That old analog sound

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In response to my post on the sound of analogreader John Van Polen from the Netherlands wrote me the following: "It's a shame people tend to use the word "digital" as an equivalentof "bad" and "analog" as an equivalentof "good". Well, what is so goodabout the wow, flutter, noise and so on of aless-than-top class turntable? Playing a worn-out warped LP with the hole not in the middle?! And whatis so bad about the sound of my high end Linn Unidisk 1.1 CD-player?! Which would you prefer?! There are only four types of sound: bad, mediocre, good, superlative. Eachcan be achieved with analog and digital sources.So please stop talking about "a digital sound". Itdoesn't exist and only contributes to confusion, misunderstanding and wrong decisions." I have to say that one of the reasons I have always been attracted to high end audio is the passion and heart of its followers. Like John I too agree that all performance level of audio can be achieved by either recording medium, analog or digital. But I want to focus on the sound of analog for a bit. I understand how some might cringe hearing the term analog sound and digital sound but like it or not they are with us and part of our vocabulary: representing gross generalities of common wisdom. Analog sound is not what we hear in real life, nor is digital sound. What we hear in real life is certainly a continuous stream of air pressure changes generated from the source of that sound but it is significantly different than that of what we think of as analog. In fact, I would go so far to say that unless you have a live music source sitting directly in the middle of where your speakers are located in the very same room you listen to music, you don't have a reference of what live music REALLY sounds like. Most of us grew up with analog sound: music that was recorded and reproduced on analog electronics. I think we've been conditioned over the years of accepting this sound as that of the real deal and when something different comes along, we naturally reference what our baseline is and when the two don't match we're forced to make a decision on better or worse. Fact is, you probably don't know what a violin sounds like in your living room - yet we routinely judge equipment and recordings based on a memory of what violins in general sound like in live venues we might have attended. I am unconvinced that analog sound is any more real or correct than digital sound and, as reader John points out, there's only four types of sound reproduced in your home - the medium reproducing that sound can produce any of the four levels.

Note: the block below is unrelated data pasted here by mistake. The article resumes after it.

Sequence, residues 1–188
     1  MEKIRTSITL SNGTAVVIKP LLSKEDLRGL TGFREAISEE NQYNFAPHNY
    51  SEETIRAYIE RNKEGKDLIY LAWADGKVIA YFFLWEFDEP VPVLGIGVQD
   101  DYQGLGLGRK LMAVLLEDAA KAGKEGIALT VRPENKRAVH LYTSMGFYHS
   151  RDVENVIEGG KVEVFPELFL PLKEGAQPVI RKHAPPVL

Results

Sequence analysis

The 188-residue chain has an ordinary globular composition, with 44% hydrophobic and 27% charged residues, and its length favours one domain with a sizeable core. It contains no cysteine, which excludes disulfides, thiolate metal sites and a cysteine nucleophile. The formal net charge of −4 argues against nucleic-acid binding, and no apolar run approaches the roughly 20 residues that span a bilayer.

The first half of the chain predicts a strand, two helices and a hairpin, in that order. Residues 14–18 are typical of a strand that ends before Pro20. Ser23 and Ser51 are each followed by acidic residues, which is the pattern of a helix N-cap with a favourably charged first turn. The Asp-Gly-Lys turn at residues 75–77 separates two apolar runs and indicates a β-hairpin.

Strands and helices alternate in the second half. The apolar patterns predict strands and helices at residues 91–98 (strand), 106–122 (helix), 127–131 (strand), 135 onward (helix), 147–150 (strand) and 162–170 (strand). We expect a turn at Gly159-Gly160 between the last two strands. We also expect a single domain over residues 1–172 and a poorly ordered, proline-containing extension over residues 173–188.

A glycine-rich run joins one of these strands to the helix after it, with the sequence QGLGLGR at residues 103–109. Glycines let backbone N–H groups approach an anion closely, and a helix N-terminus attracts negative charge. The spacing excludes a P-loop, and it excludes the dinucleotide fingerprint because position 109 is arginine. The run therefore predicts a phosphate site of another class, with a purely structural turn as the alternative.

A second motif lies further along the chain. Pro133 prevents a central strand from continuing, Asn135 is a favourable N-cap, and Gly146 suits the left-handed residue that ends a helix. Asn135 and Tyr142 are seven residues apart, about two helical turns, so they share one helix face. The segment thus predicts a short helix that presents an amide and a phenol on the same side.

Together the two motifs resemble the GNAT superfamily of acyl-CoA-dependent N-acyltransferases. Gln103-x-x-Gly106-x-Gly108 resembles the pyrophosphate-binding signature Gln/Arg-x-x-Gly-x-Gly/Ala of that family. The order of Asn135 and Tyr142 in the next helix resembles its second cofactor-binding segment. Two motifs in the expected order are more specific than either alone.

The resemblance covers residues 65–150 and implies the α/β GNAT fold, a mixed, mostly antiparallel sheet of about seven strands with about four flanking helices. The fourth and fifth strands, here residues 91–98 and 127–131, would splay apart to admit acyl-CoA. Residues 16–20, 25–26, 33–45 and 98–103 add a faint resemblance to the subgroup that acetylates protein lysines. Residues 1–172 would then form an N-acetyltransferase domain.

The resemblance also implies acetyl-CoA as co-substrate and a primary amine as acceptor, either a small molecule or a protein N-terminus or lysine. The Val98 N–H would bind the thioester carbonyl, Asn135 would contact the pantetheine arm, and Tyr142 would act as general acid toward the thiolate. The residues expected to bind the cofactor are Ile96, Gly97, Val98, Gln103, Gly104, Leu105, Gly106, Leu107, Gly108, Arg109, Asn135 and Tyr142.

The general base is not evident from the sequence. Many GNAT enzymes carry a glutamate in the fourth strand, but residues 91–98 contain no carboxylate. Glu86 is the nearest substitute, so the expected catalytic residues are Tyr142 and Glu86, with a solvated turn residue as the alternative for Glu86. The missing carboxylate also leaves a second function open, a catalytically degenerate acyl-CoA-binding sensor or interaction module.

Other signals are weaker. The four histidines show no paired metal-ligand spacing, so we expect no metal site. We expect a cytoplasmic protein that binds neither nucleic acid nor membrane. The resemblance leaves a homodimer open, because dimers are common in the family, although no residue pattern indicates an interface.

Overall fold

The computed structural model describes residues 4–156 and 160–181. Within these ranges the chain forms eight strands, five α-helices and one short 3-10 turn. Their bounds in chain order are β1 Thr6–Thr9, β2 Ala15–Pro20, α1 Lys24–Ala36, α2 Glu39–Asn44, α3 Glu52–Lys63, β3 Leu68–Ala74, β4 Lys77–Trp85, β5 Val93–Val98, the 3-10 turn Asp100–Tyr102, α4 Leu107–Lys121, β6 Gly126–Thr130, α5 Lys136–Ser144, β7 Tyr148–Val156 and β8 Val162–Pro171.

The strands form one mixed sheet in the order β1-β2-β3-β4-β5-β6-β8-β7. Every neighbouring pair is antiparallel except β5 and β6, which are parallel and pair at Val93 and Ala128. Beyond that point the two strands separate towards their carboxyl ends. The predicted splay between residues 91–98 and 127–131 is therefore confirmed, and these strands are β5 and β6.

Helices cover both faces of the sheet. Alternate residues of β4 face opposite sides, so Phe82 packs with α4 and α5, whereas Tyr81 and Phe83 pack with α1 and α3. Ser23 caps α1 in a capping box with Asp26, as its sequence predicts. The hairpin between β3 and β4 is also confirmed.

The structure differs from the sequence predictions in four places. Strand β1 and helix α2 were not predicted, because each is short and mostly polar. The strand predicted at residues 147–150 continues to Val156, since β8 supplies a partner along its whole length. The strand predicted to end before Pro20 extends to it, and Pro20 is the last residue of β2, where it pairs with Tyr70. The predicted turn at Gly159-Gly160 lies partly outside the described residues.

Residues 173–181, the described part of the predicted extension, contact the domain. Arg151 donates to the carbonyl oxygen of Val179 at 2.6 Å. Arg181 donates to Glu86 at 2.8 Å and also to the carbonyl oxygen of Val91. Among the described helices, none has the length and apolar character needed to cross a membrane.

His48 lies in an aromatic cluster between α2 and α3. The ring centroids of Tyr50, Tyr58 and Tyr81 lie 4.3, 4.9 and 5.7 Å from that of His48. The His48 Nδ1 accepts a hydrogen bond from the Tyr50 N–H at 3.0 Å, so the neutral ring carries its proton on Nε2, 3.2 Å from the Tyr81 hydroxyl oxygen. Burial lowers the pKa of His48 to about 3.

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Paul McGowan

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